As Freeholder what can I amend in the Lease?

As Freeholder what can I amend in the Lease?

14:18 PM, 25th May 2017, About 7 years ago 8

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I will hopefully shortly be in the position of buying the freehold to my upstairs flat and the one underneath it which comprise the two properties in a converted house. Crucially this will be so that I can extend the lease which is now down to around a 70 year term however, can I also change other terms within the lease once I am the Freeholder?

For example, and extremely unusually, each flat is responsible for arranging its own buildings insurance. Additionally, I, as the owner of the upstairs flat am solely responsible for the maintenance and upkeep of the roof and top half of the exterior of the property whilst the downstairs flat is solely responsible for the downstairs exterior.

Fortunately this has worked to, date but could be fraught with all manner of issues if one party decides to ignore their responsibilities, therefore once I own the Freehold is there anything to stop me from rewriting the Lease to a more traditional one where the Freeholder arranges insurance and exterior maintenance?

Just to clarify I own the upstairs flat but I do not own the downstairs flat.

Thank you.


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Neil Patterson

14:23 PM, 25th May 2017, About 7 years ago

Hi Paul,

I do not specifically know leasehold law, but please do check out the Leasehold advisory service >>

However, I am concerned that your building is not properly insured.

You can't as far as I am aware normally insure part of a building which is why a Freeholder always arranges a block policy. I would get this checked and clarified asap and if you need cover email me and I will get Jason to sort a suitable policy out for you.

Paul Baker

16:32 PM, 25th May 2017, About 7 years ago

Thank you Neil. I have owned the flat since 1992 and the insurance issue was first flagged up to me by my solicitor just prior to exchange. I have always been able to insure the flat without too much difficulty, although some of the mainstream providers won't offer cover but many others have done.

Paul Baker

18:59 PM, 25th May 2017, About 7 years ago

I took your advice Neil & looked at the website and can probably answer my own question now! Many thanks again. If necessary I can take the matter to the First-tier Tribunal:

An individual party to a lease can make an application to a First-tier Tribunal (Property Chamber) to vary the lease under the provisions of Part 4 Section 35 of the Landlord and Tenant Act 1987. However the grounds for a compulsory lease variation are limited. The grounds under which you can make an application are:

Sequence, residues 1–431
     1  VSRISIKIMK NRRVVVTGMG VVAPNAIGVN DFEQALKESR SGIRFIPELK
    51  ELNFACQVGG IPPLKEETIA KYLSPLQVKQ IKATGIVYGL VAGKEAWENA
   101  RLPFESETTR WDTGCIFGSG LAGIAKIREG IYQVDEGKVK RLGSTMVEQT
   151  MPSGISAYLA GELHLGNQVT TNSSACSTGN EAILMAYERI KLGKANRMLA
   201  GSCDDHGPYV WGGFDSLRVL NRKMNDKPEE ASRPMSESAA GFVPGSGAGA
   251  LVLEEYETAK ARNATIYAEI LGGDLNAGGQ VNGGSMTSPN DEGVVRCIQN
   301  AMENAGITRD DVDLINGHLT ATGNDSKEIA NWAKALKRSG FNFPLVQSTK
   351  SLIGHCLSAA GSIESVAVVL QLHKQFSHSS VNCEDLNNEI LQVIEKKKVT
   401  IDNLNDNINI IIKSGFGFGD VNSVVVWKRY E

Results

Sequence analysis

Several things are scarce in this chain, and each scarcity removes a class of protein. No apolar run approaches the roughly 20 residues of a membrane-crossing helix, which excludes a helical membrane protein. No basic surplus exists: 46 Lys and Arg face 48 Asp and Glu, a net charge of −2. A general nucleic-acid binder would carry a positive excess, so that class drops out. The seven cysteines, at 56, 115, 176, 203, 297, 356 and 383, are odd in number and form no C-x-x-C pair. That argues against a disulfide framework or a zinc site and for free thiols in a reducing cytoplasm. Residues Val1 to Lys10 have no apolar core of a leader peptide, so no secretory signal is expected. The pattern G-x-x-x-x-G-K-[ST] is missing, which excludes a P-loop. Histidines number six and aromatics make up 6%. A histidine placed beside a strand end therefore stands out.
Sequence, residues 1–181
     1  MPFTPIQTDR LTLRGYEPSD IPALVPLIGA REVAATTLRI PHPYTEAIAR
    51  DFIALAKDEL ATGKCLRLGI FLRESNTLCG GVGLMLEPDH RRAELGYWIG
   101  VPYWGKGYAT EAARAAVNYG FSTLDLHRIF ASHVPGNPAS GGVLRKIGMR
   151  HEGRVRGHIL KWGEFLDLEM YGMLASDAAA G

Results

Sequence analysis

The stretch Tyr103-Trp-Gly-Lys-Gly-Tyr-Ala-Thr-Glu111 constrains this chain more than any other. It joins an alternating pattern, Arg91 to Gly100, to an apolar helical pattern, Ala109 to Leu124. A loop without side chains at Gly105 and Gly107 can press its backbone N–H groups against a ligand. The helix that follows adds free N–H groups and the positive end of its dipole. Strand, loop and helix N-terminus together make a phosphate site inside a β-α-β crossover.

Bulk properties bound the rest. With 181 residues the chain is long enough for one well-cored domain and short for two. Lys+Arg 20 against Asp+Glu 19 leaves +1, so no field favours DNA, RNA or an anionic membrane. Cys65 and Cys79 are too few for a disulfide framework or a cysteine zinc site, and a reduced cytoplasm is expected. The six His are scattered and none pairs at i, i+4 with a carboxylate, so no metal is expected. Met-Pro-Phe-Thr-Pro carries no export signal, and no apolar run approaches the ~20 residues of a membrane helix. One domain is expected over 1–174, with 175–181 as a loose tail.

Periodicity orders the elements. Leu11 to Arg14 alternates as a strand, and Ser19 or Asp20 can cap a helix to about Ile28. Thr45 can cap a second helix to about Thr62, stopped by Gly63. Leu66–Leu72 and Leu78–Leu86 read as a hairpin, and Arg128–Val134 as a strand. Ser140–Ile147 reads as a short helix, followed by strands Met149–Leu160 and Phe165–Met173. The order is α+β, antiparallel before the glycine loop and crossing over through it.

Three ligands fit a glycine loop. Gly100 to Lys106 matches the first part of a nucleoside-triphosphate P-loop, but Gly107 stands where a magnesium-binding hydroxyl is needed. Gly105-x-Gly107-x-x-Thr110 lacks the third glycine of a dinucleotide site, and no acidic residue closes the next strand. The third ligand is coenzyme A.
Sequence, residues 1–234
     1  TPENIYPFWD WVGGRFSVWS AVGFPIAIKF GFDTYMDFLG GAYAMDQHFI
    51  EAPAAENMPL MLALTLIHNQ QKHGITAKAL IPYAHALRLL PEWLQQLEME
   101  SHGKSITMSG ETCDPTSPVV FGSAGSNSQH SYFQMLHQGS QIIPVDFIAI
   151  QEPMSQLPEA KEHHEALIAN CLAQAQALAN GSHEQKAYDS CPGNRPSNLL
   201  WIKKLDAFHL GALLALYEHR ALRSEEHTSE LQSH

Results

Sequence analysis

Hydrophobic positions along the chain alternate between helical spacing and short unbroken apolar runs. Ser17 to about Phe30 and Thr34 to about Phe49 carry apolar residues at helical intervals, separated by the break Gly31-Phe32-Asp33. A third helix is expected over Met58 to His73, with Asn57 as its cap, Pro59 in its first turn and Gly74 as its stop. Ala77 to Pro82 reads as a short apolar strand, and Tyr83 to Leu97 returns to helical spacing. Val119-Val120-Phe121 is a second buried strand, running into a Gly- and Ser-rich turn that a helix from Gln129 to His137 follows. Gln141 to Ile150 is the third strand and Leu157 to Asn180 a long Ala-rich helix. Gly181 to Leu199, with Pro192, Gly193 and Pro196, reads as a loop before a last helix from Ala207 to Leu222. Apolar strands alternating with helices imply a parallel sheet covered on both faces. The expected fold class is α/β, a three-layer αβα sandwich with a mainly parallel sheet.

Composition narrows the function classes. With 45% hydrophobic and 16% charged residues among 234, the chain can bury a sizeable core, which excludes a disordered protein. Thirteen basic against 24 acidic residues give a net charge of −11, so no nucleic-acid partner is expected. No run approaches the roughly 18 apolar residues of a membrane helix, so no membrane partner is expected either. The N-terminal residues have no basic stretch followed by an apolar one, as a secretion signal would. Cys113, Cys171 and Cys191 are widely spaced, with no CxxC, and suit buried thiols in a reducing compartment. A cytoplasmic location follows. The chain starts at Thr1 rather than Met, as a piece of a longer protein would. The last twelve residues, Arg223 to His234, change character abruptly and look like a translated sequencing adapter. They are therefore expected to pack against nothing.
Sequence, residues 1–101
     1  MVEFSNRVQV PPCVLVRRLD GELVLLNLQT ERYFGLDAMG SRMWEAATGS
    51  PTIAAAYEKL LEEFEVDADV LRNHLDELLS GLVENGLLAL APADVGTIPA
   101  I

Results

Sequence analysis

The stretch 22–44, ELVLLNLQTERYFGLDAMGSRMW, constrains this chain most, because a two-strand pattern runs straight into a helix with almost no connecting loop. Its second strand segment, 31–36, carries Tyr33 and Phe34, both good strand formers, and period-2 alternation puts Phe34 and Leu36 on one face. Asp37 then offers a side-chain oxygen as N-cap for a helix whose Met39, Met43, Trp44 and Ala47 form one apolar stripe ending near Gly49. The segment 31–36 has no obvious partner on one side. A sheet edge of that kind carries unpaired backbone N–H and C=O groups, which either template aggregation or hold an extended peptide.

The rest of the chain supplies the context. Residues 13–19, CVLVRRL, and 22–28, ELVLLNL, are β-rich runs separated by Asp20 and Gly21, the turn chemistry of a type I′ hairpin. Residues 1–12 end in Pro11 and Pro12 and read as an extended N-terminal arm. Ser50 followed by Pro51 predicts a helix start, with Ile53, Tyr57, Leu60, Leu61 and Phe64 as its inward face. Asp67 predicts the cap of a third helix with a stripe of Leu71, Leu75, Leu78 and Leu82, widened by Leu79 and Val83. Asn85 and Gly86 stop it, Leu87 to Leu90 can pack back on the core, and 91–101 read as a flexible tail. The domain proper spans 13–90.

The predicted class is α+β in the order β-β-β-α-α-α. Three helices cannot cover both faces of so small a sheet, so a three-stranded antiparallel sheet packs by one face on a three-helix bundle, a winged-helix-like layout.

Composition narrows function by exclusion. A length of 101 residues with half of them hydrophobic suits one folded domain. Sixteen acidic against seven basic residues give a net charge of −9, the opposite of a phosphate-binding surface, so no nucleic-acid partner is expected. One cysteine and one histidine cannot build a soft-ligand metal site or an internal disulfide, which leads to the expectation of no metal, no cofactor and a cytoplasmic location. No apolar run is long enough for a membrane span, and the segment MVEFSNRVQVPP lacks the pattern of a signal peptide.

• The lease has inadequate provisions relating to the repair/maintenance of the flat or building.
• The insurance provisions of the lease are inadequate.

Paul Green

16:37 PM, 26th May 2017, About 7 years ago

You can also change the length of the lease to 999 years and remove the ground rent. We did when 5 flats bought the freehold. 20.% each. We now dont pay ground rent to our selves and have 999 years instead of 125. So we don't have to worry when the lease only has 80 years or less....the while building is insured once and we all pay for common parts like roof as we all live under the same one maintenance percentage is based on flat size. So 3 ground floor flats pay 17% the 2nd floor 25% top flat 26% I think equals 100% or there abouts.

Paul Green

16:44 PM, 26th May 2017, About 7 years ago

It's 24% and 25%


11:55 AM, 27th May 2017, About 7 years ago

Who currently owns the freehold? Have you discussed with the owner of the other flat?

Paul Baker

17:03 PM, 27th May 2017, About 7 years ago

Since the property was converted 30 years ago the freeholder also owned the downstairs flat until last year when he sold the downstairs flat although he extended the lease for the downstairs flat prior to the sale. I don't know who the new owner is of the downstairs flat but I'm on good terms with the Freeholder and am confident that he will sell the Freehold to me later this year.


10:24 AM, 28th May 2017, About 7 years ago

Well in that case you can :

Either extend the lease, I wonder why you didn't do it at the same time as downstairs if you are on good terms with the freeholder to save costs. This leaves the anomaly of the freehold.

Or, you can buy the freehold but it would have made more sense for both you and your new neighbour to buy the freehold together when the other flat was sold rather than extend their lease. It may be that your freeholder did not know that was an option. Or he wants to hang on to it as its value goes up the longer you leave it.

You are now in a disadvantaged position as you have a short lease. Are you familiar with the responsibilities of a freeholder? There are a load of guides on the ARMA website and LEASE.

Please get professional advice as to your options. The other flat owner will have to be consulted anyway as the freeholder has to offer it to the leaseholders first if he is selling it. In your position I would try to buy it jointly. You will need a specialist solicitor and professional valuation taking into account the relative length of both leases (so you will probably have to pay more as your neighbour will have paid a lease extension premium). Valuers are few and far between outside London.

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